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PACT Act delay part of “long history” of failure to care for America’s veterans, experts say.

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(Photo by Allison Bailey/NurPhoto via AP)
Military veterans and families affected by burn pit exposure and Congresspeople hold a press conference condemning Republican Senators for defeating the Honoring Our PACT Act. The legislation would have established a connection between military service and exposure to toxins via burn pits, easing access to healthcare for veterans and active duty members. The bill originally passed the Senate with 84 votes, but Republican Senators later objected, claiming it contained unrelated spending.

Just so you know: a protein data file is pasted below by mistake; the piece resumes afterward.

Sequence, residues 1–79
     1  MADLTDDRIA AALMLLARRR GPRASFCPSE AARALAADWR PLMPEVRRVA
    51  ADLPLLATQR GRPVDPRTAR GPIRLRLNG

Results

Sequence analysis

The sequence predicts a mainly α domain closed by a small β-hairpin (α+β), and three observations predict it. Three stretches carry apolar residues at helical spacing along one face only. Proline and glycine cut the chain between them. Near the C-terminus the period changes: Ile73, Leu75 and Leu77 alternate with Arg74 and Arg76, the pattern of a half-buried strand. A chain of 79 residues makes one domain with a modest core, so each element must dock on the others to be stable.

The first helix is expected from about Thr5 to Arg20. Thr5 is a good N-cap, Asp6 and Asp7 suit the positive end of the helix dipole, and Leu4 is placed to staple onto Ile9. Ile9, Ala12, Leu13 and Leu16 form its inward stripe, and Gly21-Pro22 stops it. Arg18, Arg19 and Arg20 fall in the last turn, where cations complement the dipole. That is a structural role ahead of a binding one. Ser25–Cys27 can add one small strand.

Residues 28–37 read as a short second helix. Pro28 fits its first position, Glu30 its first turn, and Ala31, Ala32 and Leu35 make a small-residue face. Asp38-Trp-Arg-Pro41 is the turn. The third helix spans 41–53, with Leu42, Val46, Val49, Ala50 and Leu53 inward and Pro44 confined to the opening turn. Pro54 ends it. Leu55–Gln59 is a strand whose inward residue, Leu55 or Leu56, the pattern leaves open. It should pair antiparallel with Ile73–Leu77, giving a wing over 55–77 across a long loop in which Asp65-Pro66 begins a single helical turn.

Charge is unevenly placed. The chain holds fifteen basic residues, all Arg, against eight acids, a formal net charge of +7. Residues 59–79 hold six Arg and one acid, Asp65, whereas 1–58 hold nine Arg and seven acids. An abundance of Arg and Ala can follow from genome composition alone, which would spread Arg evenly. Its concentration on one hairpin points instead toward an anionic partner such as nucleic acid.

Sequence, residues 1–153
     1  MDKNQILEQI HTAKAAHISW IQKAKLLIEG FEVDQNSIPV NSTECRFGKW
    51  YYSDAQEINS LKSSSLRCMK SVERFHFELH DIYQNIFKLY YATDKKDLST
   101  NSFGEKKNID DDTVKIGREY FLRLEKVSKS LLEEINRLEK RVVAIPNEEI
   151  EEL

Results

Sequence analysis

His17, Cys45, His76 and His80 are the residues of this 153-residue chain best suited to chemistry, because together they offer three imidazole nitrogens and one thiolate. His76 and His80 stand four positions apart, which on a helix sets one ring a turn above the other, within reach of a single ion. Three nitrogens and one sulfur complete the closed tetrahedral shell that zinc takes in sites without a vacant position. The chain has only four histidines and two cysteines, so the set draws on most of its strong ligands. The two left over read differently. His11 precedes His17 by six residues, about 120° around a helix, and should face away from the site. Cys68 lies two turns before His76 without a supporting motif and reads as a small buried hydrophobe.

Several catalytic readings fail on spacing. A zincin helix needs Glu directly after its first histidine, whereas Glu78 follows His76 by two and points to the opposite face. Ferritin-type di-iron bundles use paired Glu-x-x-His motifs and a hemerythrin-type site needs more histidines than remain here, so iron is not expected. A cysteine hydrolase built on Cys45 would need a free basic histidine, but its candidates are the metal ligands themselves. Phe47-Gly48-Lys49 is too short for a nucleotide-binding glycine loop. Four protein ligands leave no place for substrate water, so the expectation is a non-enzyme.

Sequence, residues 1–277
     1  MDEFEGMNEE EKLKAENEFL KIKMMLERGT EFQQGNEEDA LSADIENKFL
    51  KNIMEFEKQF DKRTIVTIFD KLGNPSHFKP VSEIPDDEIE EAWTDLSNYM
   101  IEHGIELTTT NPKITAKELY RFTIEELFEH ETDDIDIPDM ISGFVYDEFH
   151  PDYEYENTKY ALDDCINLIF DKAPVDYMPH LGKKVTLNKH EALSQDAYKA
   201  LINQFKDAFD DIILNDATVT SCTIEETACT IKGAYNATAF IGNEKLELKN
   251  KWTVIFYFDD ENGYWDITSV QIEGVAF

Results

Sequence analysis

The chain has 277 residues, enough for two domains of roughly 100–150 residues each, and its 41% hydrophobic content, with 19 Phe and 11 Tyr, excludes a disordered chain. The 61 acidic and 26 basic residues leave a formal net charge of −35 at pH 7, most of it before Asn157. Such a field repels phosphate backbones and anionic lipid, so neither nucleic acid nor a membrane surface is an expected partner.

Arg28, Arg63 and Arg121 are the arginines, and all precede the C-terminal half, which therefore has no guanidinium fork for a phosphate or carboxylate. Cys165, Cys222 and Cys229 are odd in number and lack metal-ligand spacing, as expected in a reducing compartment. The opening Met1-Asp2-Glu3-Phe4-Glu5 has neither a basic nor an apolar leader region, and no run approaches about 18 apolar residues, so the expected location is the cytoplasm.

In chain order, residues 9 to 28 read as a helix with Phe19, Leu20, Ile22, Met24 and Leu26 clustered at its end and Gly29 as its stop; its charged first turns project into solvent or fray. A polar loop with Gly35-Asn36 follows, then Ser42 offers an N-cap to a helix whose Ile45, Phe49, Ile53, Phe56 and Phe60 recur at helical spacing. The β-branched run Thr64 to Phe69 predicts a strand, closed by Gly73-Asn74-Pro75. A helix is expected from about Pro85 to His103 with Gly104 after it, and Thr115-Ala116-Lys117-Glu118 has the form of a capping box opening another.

A bill that would have expanded medical coverage for veterans who were exposed to toxic burn pits failed to pass in the U.S. Senate on Thursday when 25 Republicans unexpectedly voted no, NBC News reports. 

Veterans of conflicts in Iraq and Afghanistan claim to have developed conditions like asthma and cancer following their exposure to toxic burn pits; however, over 70% of related disability claims are denied by Veterans Affairs, according to NBC News. The Sergeant First Class Heath Robinson Honoring Our Promise to Address Comprehensive Toxics Act—or, the PACT Act—would have helped resolve this issue for the estimated 3.5 million veterans affected, NBC News reports. The PACT Act had previously passed in the Senate in June, and was expected to easily pass in its second round in the Senate after House revisions.

Continue reading at News@Northeastern.

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